Volume 95, Issue 28

Tuesday, October 23, 2001
 
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NEWS

Two Fanshawe students attacked

The world at war

Long wait for beer money... err... OSAP

Call psychic Bob: Western plans future

Tainted water study sickens Walkertonian

Harris leaving; lefties still pissed

More Western Anthrax scares

Call psychic Bob: Western plans future

By Joel Brown
Gazette Staff


Western's strategic plan is steps closer to completion after a second draft was brought to Senate last Friday.

Fifteen changes were made to the document that is meant to guide the university through the double cohort and expected funding changes.

Many of the alterations involved more specified goals, such as accessibility to students.

"We are a public institution and proud of that fact – we define our role in the context of our local, regional, provincial and national communities," reads an alteration made by the Strategic Planning Task Force to the report's introduction, outlining the overall scope of the university.

"It was a good document when it was brought to Senate," said student senator Chris Sinal. "A lot has now been put in to it – it's a good outline of where the university is going in the next few years.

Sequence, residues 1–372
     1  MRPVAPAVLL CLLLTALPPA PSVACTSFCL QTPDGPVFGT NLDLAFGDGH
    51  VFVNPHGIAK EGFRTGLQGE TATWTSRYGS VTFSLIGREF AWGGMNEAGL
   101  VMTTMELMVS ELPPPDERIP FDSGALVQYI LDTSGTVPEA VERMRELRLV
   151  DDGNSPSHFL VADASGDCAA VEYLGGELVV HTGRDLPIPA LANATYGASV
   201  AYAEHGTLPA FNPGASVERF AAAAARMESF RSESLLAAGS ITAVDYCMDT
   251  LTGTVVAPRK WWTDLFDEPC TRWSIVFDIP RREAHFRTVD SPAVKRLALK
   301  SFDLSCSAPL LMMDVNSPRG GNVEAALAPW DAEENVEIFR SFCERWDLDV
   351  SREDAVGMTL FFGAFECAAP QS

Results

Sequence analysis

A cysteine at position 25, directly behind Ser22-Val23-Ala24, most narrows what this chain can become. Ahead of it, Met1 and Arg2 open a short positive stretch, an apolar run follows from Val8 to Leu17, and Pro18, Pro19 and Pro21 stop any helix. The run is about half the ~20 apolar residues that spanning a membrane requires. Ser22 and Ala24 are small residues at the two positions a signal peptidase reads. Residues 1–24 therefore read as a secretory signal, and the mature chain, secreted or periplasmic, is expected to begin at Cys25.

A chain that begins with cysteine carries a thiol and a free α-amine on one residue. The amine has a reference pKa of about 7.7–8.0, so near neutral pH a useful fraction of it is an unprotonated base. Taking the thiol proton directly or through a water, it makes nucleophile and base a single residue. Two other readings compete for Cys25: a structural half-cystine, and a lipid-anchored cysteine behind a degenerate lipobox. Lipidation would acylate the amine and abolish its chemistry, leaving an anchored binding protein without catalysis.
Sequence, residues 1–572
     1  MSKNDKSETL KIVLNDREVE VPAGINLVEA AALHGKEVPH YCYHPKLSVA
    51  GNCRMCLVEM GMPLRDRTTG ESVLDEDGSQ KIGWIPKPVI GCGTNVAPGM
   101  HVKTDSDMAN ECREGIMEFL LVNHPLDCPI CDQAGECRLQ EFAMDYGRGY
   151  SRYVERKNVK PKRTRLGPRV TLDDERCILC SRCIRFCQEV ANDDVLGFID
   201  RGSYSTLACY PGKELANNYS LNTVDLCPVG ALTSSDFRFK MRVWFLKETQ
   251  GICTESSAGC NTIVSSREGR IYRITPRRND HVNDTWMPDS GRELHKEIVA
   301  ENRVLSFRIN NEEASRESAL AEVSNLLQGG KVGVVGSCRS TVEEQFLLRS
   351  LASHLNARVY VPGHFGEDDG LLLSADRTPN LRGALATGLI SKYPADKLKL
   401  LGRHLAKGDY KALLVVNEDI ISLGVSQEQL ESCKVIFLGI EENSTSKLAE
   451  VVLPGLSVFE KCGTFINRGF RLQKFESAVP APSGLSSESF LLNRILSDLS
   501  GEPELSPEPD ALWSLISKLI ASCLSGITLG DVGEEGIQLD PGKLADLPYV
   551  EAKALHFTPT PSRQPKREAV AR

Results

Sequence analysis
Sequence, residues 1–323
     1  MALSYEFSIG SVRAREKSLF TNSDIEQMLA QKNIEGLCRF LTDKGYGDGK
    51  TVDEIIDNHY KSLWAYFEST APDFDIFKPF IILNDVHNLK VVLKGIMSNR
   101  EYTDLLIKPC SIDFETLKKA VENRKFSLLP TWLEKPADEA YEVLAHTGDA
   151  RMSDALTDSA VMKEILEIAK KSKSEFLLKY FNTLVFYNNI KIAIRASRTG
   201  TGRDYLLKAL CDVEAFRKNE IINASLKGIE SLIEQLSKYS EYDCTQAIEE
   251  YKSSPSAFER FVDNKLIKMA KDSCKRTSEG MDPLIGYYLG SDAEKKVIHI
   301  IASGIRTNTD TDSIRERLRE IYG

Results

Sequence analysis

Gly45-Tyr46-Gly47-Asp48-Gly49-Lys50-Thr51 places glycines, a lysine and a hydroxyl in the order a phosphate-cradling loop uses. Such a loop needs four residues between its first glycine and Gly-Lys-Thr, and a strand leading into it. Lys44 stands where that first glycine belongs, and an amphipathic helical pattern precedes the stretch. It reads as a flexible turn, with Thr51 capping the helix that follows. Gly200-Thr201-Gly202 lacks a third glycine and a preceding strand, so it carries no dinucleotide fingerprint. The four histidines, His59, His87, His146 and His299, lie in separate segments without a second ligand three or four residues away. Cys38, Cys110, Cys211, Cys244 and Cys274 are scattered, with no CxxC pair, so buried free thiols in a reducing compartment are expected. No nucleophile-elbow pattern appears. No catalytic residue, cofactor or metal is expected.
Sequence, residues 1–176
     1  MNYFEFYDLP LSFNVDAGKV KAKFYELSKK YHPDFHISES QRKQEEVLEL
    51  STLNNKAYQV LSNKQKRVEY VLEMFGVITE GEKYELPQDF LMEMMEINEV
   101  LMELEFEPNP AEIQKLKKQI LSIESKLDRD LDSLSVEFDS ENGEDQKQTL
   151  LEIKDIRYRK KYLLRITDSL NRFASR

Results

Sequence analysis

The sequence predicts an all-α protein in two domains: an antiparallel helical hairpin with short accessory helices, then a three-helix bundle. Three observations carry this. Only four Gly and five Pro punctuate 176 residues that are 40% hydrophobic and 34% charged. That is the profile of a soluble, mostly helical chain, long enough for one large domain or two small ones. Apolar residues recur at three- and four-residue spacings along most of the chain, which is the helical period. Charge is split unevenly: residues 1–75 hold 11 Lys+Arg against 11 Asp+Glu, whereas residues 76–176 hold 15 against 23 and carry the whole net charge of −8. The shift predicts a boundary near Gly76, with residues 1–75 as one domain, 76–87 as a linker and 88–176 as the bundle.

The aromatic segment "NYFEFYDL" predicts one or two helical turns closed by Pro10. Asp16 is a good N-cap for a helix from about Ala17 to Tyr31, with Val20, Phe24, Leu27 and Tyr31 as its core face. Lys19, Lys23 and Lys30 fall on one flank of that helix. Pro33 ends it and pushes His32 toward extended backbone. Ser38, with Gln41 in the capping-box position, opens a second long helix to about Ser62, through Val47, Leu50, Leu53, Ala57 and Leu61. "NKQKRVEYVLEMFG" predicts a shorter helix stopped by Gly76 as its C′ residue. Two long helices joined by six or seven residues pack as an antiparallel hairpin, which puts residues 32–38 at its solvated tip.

"I like the fact that the changes really emphasized academic integrity, which will be maintained at the university," he said.

A concern for some of the senators was the budgeting, much of which accounts for money the university does not yet possess. The school is hoping more funding will come from both alumni and the government.

"A lot of it depends on the money the university doesn't have control of," Sinal said. "We're going to need money – specifically, government money – to do it."

Much of the meeting's debate focused on the size of Western's student population.

According to the report, first-year student enrollment will gradually increase until 2004-05 to accommodate the double cohort and then drop to its current level.

"We're increasing enrollment to help the province and the schools in the city, but we're not interested in sustaining that type of expansion," said Western president Paul Davenport.

But, while Davenport said the increased size of the undergraduate program will not be maintained, he hopes government funding will be focused toward graduate programs.

"Society needs those people," Davenport said. "It's not about servicing us, it's about servicing all the post-secondary and private institutions in the province."

Dean of science Fred Longstaffe said he was concerned the plan made little mention of hiring more faculty during the planned expansion period.

"A smaller herd is better than a starving larger one," he said. "We must lower faculty-to-staff and student-to-staff ratios."






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Copyright The Gazette 2001